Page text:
“Once you make your first order with me, you’re apart of the family. I don’t see people as customers,” says Millicent Richardson, the Maryland based owner of Addictive Apothecary, a luxury home and spa goods brand.
Family is what fuels the love and care that goes into each product. Richardson’s business, Addictive Apothecary started in 2011 as a bonding opportunity. “My daughter was the one who initiated this, she wanted us to spend more time together,” said Richardson. The duo spent about a year modifying their products before they launched. “We started off with candles and began selling them at local flea markets.”
During her the initial stage of her launch, she faced the issue of criticism. “The toughest thing for me to overcome was dealing with people who were like ‘Well I can go to Wal-Mart and get candles for $5’” As an entrepreneur trying to establish one’s brand, it is important to stand firm in pricing.
Addictive Apothecary’s line of products include candles, diffusers, beard care, body butter, and scrubs. Scents include coconut lime, pink hibiscus, papaya mango and many more. The most popular scent undoubtedly is cashmere. Millicent found that this scent is the most universally loved. “I have a 65-year-old woman who regularly emails me and tells me to never get rid of that scent,” she shared.
Millicent talked about the important factors of pricing her products. “Because everything is all vegan and I don’t use fillers, the quality is high. I always tell people a little goes a long way.” Her pricing considers the quality and longevity of the products.
Her staff only consists of two people, her and her daughter which isn’t surprising. This along with the fact that she still works full-time is an example of a large trend among black women entrepreneurs. The Federal Reserve Bank of Kansas City released a 2018 Black Women Business StartUps report that explored why a large number of the businesses are micro. The report states, “Most black women entrepreneurs work part-time in their businesses, less than 39 hours a week.”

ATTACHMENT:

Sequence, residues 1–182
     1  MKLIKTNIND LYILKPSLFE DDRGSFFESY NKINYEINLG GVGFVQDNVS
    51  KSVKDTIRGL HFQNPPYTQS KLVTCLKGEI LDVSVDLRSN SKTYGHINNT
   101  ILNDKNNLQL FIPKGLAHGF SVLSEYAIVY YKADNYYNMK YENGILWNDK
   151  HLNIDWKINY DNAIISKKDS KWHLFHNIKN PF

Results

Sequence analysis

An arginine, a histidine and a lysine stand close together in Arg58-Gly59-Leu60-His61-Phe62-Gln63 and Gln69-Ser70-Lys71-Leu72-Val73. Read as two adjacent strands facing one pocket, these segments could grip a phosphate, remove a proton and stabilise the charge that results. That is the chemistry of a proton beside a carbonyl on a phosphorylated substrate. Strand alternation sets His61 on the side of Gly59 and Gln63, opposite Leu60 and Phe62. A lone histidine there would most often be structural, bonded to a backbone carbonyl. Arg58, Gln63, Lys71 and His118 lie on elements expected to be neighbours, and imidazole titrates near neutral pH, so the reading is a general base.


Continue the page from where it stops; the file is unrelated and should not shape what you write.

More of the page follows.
Black women make up 59 percent of black-owned businesses. American Express produced a 2018 State of Women-Owned Business Report that gave context as to why the rise in black women-owned businesses has been so rapid. “From 2007 to 2018, higher unemployment rates, long-term unemployment, and a much greater gender and racial pay gap led women of color to start businesses at a higher rate out of necessity and the need to survive, rather than a desire to seize a market opportunity.”
The challenge of juggling a full-time job, motherhood, and a side business is all apart of the grind. “I would love for this to be my full-time job but for now, it’s not. My kids say I have two full-time jobs,” said Richardson. For now, she works from home and fulfills her business obligations whenever she has time throughout the day. “If I’m seriously working on filling orders, I make sure my kids are good, and then I work all evening. Sometimes until 2 or 3 in the morning.”
Although it is a business, Richardson is not in to for the money. Her hope for this year is to have Addictive Apothecary products in specialty boutique stores throughout the country. Even with the goal of expanding, she relishes the personal connections she makes with customers. “I’ve had people call me at 2 a.m. just to talk and I don’t ever wanna lose that,” she said.
Check out the Addictive Apothecary website here. You can also follow them on Instagram @addictiveapothecary.